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My answer would be it depends! I don’t know that there is anything failproof when dealing with humans. There’s quite a bit of uncertainty in this whole thing – the human factor and what works in one community may not work in another because of differences in the audience/community expertise, goals, triggers, etc.
Our community continues to grow but has a long way to go before I would call it an outright success. The things that seem to be succeeding are activities that are compelling and have gains for the users. So for an professional association, the ability to form groups and to collaborate on documents together is an easy case to make because they do that already offline and the online community makes that interaction more efficient.
I think it takes more time to make a community successful than people realize, especially for a large externally-facing community. Although a community manager (who I think should be full-time and may need staff) should be facilitating conversations and helping your organization leverage the technology to its needs, a large part of your organization should be helping to populate and engage the community.
Just my two cents…
Might be worth asking Community Roundtable if they have any metrics or guiidelines? Some of us are currently on the first of three modules of the Community Manager course and certification. Claire Flanagan might know if Rachel Happe has anything in this area - sorry too maxed out to read everything they have published. I think we are not allowed to share the presentations from the modules but I guess they will re-run in time?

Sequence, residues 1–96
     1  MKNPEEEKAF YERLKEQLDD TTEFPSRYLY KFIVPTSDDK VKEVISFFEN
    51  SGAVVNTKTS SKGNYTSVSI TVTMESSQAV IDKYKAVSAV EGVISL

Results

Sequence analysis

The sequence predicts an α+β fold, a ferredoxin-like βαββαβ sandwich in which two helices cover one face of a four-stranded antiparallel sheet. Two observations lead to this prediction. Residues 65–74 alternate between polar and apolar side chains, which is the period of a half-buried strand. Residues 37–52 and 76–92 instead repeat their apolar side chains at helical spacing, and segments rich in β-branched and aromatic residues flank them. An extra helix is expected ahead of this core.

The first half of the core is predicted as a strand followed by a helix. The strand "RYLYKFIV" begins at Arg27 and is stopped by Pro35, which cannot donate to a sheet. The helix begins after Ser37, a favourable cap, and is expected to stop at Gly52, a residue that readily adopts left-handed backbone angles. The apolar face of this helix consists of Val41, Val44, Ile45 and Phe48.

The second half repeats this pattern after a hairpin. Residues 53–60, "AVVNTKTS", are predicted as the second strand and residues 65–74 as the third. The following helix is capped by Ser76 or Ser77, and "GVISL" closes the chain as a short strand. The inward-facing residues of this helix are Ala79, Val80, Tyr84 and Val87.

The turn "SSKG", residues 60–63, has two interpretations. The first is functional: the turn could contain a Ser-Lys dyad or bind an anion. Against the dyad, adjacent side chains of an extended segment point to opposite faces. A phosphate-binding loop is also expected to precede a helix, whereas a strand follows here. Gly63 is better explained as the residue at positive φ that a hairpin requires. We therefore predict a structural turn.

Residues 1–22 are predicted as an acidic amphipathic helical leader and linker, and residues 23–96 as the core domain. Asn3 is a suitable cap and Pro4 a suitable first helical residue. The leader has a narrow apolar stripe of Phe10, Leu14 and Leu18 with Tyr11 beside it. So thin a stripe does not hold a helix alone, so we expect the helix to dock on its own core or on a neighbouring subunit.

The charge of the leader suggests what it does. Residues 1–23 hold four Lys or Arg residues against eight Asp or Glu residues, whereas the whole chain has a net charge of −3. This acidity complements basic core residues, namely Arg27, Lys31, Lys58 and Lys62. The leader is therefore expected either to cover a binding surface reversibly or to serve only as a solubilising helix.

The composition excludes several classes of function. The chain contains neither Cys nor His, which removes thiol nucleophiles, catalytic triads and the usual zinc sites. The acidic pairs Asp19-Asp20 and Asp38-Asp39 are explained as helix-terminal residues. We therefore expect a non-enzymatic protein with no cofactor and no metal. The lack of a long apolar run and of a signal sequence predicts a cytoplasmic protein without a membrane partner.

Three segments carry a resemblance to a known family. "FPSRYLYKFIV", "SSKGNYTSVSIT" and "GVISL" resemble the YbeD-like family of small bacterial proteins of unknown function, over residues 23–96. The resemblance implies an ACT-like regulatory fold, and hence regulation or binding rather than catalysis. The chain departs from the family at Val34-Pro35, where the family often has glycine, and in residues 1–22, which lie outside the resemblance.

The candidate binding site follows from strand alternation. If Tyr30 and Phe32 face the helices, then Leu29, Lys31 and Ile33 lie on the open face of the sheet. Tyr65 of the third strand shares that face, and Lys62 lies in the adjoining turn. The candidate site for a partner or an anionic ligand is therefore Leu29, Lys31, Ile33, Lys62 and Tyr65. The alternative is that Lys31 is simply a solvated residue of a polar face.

I actually can't keep up with JC now either - I used to be able scan everything but it feels like the volumes are on the increase?
In my experience, the time allocated for the Community manager (CM) is not a static amount and it depends on the type of community.
-For example, when first launching a community, the community manager must spend up I think at least 50% of their time (assuming they have another full time role in the org) cultivating the community. Working with the advocates or core team to foster engagement and participation. Setting up events like webinars, virtual meetings, audio conferences, etc to build the momentum are key to reaching some critical mass.
-I have seen community managers spend 100% of their time towards building their community, then tapering off as their core team and advocates step up to accelerate the overall engagement. I think the effort a CM dedicates to their communities are directly related to the overall success of those communities. Once the community reaches a certain level, then I have seen the CM reduce their time to 10-20%, and take more of a coaching role in terms of time dedicated.
-my other point about dedication of time and efforts revolves around the type of community. In my experience, I think Communities of Experts (CoE) are easier to manage and grow then Communities of Practice (CoP). The CoE members consider themselves "experts" and want to showcase their knowledge or they are newbies to the topic(s) and joined to learn more about the topic(s) discussed in the CoE. For CoPs, I think you have the 90-9-1 behaviors where the Community Manager must try to foster along with the advocates an environment where the "lurkers" (read-only members) can feel comfortable to come out of the shadows and contribute. I can see no other way for that to happen unless the CM really drives the engagement from all members, actively recruiting new members, and ensuring the community is popular from sharing the knowledge and information produced from the community's existence.
-For Commuities of Interest (CoI), i think it depends on the topic and the passion for that topic....so that is a wildcard regarding time needed to grow such a CoI.
..my 2 sense..
Are you talking about an internal (employee) or external (customer facing) community?
If it's internal, how big is your organization?
If it's external, what industry are you in, or will the community serve? (i.e. if it's consumer brand, you better dedicate one person! if it's a niche topic, the sizing might vary depending on who else might be helping with "content.)
And yes, it depends.